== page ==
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In a move aimed at bolstering its declining customer base, Sprint has set forth a $60 unlimited talk, data, and text plan for individuals for both new and existing customers starting Friday.

Sprint is also offering data-hungry family plans for $100, and pulling a T Mobile stunt and paying up to $350 to get you out of your contract with another carrier.

The details of the plan, and the plan itself, are set to be revealed on Friday.

But is Sprint for me?

Nashville SensorlyIf you’re wondering if Sprint is right for you, or if another carrier might be best, rather than coverage maps provided by the carrier or internet testimonials by people who don’t live in your region that generally end with “well I have no problem with them,” or “they’re the worst carrier ever,” head on over to Sensorly to get unbiased unpaid coverage reports from users phones in your areas of travel.

People have mentioned the Sprint commentary on Pocketables is unabashedly negative, so check your area out on Sensorly for yourself and make up your own mind.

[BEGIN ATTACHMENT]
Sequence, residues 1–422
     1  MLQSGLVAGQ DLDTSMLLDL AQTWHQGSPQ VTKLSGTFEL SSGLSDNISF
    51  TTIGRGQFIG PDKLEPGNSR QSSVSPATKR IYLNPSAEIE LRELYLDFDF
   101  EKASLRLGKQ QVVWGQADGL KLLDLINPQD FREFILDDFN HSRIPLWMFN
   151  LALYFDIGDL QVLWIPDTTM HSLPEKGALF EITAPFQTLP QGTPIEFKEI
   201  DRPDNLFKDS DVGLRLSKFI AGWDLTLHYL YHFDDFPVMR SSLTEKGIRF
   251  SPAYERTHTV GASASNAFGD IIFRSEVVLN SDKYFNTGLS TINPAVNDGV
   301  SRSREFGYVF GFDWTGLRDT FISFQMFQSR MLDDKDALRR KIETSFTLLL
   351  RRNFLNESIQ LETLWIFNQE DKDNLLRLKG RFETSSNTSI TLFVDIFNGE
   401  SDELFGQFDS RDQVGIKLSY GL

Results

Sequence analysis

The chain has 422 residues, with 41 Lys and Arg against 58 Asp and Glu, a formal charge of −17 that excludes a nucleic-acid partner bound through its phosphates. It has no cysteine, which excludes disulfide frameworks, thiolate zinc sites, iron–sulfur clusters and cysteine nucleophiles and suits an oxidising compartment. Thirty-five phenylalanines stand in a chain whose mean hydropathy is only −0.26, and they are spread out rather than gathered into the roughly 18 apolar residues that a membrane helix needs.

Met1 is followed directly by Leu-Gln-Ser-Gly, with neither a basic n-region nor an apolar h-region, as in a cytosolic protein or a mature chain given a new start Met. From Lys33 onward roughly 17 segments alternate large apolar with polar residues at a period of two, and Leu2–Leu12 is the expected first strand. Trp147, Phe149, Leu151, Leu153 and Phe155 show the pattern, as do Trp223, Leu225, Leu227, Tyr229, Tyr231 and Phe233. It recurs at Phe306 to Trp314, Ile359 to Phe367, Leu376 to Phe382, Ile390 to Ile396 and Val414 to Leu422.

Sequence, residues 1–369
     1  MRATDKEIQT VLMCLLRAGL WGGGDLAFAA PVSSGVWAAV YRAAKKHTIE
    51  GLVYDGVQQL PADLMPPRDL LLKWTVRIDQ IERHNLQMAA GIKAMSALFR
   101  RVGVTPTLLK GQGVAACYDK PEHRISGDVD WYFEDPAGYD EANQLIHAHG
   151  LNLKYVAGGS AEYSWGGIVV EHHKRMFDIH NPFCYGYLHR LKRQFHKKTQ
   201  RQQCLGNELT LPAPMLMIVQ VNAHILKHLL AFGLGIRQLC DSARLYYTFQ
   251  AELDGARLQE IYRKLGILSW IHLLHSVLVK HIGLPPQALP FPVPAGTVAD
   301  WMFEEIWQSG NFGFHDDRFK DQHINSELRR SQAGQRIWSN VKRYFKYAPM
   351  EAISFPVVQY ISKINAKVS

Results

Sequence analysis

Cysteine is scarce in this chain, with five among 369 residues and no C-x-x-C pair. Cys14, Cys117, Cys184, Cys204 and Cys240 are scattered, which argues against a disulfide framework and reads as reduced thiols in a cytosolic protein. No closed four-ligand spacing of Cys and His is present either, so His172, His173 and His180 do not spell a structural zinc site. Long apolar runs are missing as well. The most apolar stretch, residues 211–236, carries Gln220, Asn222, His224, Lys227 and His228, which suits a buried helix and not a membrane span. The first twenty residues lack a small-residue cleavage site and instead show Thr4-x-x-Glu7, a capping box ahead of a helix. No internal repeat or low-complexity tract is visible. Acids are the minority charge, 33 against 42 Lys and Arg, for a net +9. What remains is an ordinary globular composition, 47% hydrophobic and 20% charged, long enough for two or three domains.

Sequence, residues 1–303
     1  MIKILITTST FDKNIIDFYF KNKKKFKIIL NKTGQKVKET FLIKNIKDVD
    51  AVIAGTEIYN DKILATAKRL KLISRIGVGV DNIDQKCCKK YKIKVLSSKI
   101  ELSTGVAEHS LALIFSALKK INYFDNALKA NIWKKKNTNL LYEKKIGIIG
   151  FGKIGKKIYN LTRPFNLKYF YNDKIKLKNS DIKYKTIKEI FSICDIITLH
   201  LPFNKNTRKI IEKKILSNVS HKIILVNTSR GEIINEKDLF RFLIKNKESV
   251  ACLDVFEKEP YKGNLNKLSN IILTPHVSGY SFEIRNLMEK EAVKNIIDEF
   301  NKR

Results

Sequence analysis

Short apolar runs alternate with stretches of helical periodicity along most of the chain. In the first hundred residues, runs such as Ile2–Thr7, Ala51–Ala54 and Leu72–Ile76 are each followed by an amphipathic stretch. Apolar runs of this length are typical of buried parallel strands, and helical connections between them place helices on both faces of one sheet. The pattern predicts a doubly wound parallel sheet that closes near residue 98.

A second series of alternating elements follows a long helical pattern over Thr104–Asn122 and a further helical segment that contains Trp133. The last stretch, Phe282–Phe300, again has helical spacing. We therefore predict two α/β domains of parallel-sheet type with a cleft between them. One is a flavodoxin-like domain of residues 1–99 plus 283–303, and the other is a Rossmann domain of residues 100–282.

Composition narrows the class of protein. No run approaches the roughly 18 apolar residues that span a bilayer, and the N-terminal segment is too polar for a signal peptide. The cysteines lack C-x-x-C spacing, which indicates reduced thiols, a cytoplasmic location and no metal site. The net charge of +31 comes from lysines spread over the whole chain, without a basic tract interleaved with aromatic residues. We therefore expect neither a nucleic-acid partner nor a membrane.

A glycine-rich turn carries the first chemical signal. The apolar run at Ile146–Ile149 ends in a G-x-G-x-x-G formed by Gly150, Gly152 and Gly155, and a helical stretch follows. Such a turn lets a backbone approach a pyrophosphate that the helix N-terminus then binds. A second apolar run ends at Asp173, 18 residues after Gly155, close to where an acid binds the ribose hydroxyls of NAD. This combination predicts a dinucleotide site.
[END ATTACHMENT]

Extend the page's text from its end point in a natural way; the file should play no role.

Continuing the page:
Not only do Sensorly maps have signal strength (which you probably can get from the carrier,) they’ll tell you when you’re looking at an area with great signal but absolutely no back end internet for the tower, such as my home Sprint 4G LTE connection, which gets 1.7Mbps, or a little over half the speed of 3G, or my work internet with relatively weak LTE signal but 24Mbps downloads.

Details of the plans?

Unfortunately I don’t have access to any details, but I can bet that Sprint will be sticking to their two year contract model and maintaining or raising the early termination fees for fear of people in a non-serviced area bolting.

Or maybe the network is now strong enough that Sprint is confident its level of service can match that of other 4G LTE providers. We’ll know tomorrow.

[Wall Street Journal]